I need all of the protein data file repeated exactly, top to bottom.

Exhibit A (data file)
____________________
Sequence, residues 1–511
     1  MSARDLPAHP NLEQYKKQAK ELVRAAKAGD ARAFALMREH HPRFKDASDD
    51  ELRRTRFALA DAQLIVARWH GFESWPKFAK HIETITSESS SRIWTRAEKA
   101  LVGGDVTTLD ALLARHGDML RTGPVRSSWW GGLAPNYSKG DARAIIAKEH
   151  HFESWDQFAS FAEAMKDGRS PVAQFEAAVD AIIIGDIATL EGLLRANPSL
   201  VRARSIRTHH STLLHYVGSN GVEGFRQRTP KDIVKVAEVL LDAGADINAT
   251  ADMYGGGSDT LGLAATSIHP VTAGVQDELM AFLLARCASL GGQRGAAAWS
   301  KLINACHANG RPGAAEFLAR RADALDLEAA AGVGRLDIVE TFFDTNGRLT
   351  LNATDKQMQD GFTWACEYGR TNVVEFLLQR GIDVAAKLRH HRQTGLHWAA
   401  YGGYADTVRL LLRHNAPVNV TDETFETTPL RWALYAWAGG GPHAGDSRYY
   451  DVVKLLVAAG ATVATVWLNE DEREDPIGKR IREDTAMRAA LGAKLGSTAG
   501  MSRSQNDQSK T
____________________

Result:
Sequence, residues 1–511
     1  MSARDLPAHP NLEQYKKQAK ELVRAAKAGD ARAFALMREH HPRFKDASDD
    51  ELRRTRFALA DAQLIVARWH GFESWPKFAK HIETITSESS SRIWTRAEKA
   101  LVGGDVTTLD ALLARHGDML RTGPVRSSWW GGLAPNYSKG DARAIIAKEH
   151  HFESWDQFAS FAEAMKDGRS PVAQFEAAVD AIIIGDIATL EGLLRANPSL
   201  VRARSIRTHH STLLHYVGSN GVEGFRQRTP KDIVKVAEVL LDAGADINAT
   251  ADMYGGGSDT LGLAATSIHP VTAGVQDELM AFLLARCASL GGQRGAAAWS
   301  KLINACHANG RPGAAEFLAR RADALDLEAA AGVGRLDIVE TFFDTNGRLT
   351  LNATDKQMQD GFTWACEYGR TNVVEFLLQR GIDVAAKLRH HRQTGLHWAA
   401  YGGYADTVRL LLRHNAPVNV TDETFETTPL RWALYAWAGG GPHAGDSRYY
   451  DVVKLLVAAG ATVATVWLNE DEREDPIGKR IREDTAMRAA LGAKLGSTAG
   501  MSRSQNDQSK T